At first glance, the proximity sensor appears to be nothing special: a thin, elastic layer of silicone onto which black square surfaces are printed, but these...

Im Focus: 3-D scanning with water

3-D shape acquisition using water displacement as the shape sensor for the reconstruction of complex objects

A global team of computer scientists and engineers have developed an innovative technique that more completely reconstructs challenging 3D objects. An ancient...

Im Focus: Manipulating Electron Spins Without Loss of Information

Physicists have developed a new technique that uses electrical voltages to control the electron spin on a chip. The newly-developed method provides protection from spin decay, meaning that the contained information can be maintained and transmitted over comparatively large distances, as has been demonstrated by a team from the University of Basel’s Department of Physics and the Swiss Nanoscience Institute. The results have been published in Physical Review X.

For several years, researchers have been trying to use the spin of an electron to store and transmit information. The spin of each electron is always coupled...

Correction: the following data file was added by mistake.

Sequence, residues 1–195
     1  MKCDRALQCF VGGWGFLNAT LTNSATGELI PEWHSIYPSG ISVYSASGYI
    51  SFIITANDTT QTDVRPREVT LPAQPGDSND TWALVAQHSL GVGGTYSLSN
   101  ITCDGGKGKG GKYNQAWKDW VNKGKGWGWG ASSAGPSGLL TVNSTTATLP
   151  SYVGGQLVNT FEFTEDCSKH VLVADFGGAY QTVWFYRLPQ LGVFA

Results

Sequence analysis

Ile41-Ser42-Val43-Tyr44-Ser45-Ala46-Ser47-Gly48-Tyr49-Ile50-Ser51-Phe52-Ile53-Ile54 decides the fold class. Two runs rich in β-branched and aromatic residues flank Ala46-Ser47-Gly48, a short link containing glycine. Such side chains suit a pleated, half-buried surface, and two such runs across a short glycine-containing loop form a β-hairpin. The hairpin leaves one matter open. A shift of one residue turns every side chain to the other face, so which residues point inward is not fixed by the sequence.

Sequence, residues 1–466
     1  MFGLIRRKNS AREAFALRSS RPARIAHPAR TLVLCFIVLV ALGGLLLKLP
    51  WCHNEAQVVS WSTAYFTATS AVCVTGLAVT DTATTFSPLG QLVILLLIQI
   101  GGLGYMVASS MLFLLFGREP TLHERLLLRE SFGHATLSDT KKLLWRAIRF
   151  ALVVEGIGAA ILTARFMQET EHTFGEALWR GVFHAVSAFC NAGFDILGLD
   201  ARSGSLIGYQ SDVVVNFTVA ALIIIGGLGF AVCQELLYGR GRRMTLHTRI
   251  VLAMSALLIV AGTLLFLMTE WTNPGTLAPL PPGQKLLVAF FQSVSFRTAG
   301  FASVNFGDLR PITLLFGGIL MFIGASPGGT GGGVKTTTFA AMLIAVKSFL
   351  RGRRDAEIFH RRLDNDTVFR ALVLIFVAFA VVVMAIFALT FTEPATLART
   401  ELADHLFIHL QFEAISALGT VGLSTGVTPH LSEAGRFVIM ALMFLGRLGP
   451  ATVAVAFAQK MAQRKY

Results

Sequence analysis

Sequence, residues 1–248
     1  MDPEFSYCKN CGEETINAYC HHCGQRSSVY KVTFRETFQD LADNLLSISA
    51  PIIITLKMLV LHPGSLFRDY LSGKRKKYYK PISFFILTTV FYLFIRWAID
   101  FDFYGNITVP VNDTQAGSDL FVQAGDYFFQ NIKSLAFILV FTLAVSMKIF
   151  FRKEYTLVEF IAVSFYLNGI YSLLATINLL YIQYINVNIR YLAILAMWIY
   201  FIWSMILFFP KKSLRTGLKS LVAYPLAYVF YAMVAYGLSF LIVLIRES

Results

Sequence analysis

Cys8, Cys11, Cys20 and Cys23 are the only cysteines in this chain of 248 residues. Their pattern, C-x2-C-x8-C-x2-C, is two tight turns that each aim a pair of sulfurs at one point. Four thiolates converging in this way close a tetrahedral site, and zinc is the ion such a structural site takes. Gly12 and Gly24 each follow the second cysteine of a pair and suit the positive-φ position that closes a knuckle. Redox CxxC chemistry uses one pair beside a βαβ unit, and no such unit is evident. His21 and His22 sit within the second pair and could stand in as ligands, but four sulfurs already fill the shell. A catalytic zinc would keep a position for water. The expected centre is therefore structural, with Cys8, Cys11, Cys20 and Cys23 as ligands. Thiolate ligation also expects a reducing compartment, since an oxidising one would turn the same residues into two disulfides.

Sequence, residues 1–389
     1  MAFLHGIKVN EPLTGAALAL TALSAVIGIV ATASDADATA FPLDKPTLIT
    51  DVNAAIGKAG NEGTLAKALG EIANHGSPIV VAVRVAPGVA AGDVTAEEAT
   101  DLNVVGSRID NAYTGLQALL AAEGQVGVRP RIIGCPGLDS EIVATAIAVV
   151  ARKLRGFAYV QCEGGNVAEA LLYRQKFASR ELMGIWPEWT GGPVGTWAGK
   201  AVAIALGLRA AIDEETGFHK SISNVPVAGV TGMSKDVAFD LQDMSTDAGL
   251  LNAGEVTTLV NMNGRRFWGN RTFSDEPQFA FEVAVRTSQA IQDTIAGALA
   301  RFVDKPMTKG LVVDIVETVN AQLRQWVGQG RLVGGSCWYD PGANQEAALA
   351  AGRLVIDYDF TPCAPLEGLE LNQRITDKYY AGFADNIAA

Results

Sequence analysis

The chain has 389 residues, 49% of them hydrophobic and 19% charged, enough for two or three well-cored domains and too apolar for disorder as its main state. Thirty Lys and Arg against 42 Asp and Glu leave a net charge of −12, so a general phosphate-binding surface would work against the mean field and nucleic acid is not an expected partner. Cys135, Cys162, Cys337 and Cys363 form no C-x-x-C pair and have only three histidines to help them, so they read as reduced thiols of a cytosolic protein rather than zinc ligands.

Im Focus: The proton precisely weighted

What is the mass of a proton? Scientists from Germany and Japan successfully did an important step towards the most exact knowledge of this fundamental constant. By means of precision measurements on a single proton, they could improve the precision by a factor of three and also correct the existing value.

To determine the mass of a single proton still more accurate – a group of physicists led by Klaus Blaum and Sven Sturm of the Max Planck Institute for Nuclear...

All Focus news of the innovation-report >>>

Anzeige

Anzeige

Event News

Clash of Realities 2017: Registration now open. International Conference at TH Köln

26.07.2017 | Event News

Closing the Sustainability Circle: Protection of Food with Biobased Materials

21.07.2017 | Event News

»We are bringing Additive Manufacturing to SMEs«

19.07.2017 | Event News

 
Latest News

CCNY physicists master unexplored electron property

26.07.2017 | Physics and Astronomy

Molecular microscopy illuminates molecular motor motion

26.07.2017 | Life Sciences

Large-Mouthed Fish Was Top Predator After Mass Extinction

26.07.2017 | Earth Sciences

VideoLinks
B2B-VideoLinks
More VideoLinks >>>